We tested a low-cost and scalable set of classroom equipment, called Active Classroom Equipment, which was designed to promote physical activity while children learn. We hypothesized the Active Classroom Equipment would be associated with increased physical activity without impairing learning.
Fourteen first-grade students in a public elementary school (7 females, 7 males, aged 6.9 ± (SD) 0.4 years, 24 ± 5.4 kg, BMI 15.8 ± 2.6 kg/m2) used the Active Classroom Equipment for 30 minutes each day throughout the school year. Five-day physical activity was measured using validated triaxial accelerometers at baseline (before the intervention began) and on 4 sequential occasions during the 9-month intervention.
For the baseline period, 5-day physical activity averaged 157 ± 65 AU/min. When the 14 children accessed the Active Classroom Equipment, their mean 5-day physical activity was 229 ± 103 Acceleration Units (AU)/min (P < .0001). There were sequential increases in physical activity over the 9-month intervention (Quarter 1: 163 ± 94 AU/min, Quarter 2: 227 ± 108 AU/min, Quarter 3: 278 ± 61 AU/min, Quarter 4: 305 ± 65 AU/min). Students’ Dynamic Indicators of Basic Early Literacy Skills (DIBELS) scores improved.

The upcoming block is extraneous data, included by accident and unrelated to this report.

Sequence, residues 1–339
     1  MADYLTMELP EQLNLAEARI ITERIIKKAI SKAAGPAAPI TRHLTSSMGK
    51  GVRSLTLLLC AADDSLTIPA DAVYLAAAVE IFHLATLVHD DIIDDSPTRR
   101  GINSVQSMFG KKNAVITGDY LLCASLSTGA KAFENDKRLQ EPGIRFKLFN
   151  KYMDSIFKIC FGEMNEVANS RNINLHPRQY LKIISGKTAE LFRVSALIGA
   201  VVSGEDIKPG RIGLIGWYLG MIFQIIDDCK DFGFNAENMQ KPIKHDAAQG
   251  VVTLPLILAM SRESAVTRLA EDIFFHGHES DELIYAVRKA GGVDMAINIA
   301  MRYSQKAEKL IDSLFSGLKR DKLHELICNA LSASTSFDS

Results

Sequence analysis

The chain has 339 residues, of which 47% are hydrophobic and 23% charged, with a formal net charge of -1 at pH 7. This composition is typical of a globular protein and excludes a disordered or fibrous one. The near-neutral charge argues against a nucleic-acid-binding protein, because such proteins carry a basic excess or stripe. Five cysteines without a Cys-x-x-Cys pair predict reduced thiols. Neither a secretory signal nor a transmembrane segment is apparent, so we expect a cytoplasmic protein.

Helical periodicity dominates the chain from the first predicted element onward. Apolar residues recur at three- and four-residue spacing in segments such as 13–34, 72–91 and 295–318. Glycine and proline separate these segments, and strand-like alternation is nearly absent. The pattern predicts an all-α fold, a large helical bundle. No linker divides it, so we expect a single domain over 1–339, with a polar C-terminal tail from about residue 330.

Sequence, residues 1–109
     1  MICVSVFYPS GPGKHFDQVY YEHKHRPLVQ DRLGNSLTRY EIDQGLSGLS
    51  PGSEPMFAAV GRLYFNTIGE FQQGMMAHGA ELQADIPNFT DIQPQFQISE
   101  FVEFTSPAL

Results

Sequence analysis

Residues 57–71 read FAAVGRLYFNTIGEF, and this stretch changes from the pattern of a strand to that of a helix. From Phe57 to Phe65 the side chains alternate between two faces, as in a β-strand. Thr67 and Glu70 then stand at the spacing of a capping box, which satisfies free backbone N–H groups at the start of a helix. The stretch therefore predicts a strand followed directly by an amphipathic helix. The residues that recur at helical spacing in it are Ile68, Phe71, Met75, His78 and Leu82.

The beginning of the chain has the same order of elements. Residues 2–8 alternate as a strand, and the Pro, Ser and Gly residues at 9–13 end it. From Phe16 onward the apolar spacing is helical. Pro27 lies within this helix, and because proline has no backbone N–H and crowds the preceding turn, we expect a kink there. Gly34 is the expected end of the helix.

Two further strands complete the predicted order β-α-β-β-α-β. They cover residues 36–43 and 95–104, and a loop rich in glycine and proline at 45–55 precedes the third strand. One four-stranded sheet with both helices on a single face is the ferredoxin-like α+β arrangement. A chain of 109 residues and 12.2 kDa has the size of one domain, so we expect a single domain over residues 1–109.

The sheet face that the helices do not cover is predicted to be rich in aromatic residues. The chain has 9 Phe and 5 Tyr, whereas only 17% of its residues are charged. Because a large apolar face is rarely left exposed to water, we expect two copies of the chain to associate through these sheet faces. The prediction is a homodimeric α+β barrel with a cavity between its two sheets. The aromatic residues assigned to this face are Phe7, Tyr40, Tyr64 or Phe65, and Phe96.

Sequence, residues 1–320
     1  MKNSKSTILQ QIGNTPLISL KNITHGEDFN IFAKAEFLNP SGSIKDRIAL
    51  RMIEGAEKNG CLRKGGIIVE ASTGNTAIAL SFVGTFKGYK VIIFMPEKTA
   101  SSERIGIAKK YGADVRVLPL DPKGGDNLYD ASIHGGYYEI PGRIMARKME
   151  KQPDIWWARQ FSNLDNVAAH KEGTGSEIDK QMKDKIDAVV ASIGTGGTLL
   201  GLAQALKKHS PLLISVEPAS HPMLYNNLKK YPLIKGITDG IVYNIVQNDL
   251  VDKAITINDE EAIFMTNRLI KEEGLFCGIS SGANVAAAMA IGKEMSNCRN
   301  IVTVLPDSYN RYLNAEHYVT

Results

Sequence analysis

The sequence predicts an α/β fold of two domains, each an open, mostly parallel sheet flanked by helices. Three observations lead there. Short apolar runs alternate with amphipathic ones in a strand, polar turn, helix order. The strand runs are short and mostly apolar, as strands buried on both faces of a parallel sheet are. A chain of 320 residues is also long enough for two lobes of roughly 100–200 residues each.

Active Classroom Equipment may be one approach to increase physical activity.
McCrady-Spitzer and Manohar are with the Endocrine Research Unit, Mayo Clinic, Rochester, MN. Koepp and Levine (firstname.lastname@example.org) are with the Endocrine Research Unit, Mayo Clinic, Scottsdale, AZ.